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Inappropriate examination of patient (13HDC00158)

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(13HDC00158, 18 February 2014)

Doctor in general practice ~ Chaperone ~ Informed consent ~ Documentation ~ Respect ~ Rights 1(1), 4(1), 4(2), 6(1), 7(1)

A woman, aged 34 years, had recently returned from an overseas trip and was unwell. Her symptoms were general nausea, diarrhoea and extreme tiredness. Initially the woman had had abdominal pain, but that had abated by the time she returned to New Zealand.

The woman consulted a doctor at a general practice. After asking the woman some questions, the doctor examined her abdomen, groin, and labia, and inserted a finger or fingers into her vagina. Apart from the abdominal examination, the doctor did not explain the reason for the examination or the nature of the proposed examination.

The doctor did not offer a chaperone, provide the woman with a private space to disrobe and re-dress, or provide a cover for her. The doctor made no records at the time of the consultation about the nature of the examination he conducted, the reasons for it, or his findings.

It was held that the doctor's examination of the woman (apart from the abdominal examination) was not clinically indicated in light of the woman's reported symptoms. Accordingly, the doctor did not provide services to the woman with reasonable care and skill and breached Right 4(1).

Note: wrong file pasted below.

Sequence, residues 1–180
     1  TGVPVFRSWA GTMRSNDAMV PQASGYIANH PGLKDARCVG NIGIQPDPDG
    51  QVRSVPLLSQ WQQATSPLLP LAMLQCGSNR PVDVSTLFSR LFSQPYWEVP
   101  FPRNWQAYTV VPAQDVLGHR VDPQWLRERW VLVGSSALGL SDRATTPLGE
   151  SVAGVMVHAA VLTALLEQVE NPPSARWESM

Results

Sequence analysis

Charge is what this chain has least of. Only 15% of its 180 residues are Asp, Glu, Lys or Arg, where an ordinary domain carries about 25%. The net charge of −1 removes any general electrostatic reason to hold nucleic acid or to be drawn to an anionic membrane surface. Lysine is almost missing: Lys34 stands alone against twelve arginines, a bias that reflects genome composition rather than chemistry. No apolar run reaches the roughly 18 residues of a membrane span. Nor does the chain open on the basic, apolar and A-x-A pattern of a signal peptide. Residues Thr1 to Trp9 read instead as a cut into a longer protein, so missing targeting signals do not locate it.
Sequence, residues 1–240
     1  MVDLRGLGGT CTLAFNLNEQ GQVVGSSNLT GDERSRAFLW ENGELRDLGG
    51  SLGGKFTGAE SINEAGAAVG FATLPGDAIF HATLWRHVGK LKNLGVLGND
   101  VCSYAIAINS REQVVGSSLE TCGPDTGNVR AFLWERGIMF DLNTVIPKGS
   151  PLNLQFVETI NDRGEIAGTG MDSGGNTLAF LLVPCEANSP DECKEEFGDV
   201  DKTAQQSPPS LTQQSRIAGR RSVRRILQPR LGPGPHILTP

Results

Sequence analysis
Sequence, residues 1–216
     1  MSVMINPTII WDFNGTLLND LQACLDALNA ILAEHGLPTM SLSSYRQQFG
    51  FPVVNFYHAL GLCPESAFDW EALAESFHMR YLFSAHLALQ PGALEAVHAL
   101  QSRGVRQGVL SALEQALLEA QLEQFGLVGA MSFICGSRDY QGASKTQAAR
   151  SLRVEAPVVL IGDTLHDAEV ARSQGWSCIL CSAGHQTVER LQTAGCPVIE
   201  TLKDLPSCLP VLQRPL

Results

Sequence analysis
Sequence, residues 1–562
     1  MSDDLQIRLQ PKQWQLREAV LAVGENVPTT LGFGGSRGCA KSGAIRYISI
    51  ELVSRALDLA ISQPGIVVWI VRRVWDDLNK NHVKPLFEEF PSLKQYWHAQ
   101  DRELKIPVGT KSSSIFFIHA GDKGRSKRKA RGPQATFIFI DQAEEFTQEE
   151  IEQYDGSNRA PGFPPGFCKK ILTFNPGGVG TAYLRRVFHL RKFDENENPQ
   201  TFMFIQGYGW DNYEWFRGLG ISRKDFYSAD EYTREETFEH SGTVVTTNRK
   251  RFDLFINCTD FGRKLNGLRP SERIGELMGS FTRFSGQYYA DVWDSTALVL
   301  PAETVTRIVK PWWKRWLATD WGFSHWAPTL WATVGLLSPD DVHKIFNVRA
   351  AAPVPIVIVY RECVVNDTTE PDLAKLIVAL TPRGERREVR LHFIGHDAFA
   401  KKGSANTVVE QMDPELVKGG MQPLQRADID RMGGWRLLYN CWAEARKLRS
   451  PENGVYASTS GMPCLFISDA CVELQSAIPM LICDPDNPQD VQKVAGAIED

The doctor had a duty to inform the woman about the nature of the examination he proposed to undertake and the reasons for it. He also had a duty to inform her that she could have a chaperone or support person present. By failing to provide the woman with the required information, the doctor breached Right 6(1). As the woman did not receive sufficient information about the nature of and the reasons for the examination, or the option of having a chaperone present for the intimate parts of that examination, she was not in a position to make an informed choice and give informed consent to the examination. Accordingly, the doctor also breached Right 7(1).

It was also held that, by failing to make records at the time of the consultation, the doctor did not comply with professional standards, breaching Right 4(2), and did not treat the woman with respect, breaching Right 1(1).

The doctor was referred to the Director of Proceedings. The Director laid a charge before the Health Practitioners Disciplinary Tribunal. Professional misconduct was not made out. 

Adverse comment was made about the general practice for failing to update the woman regarding her complaint and for not making a written record of her account.

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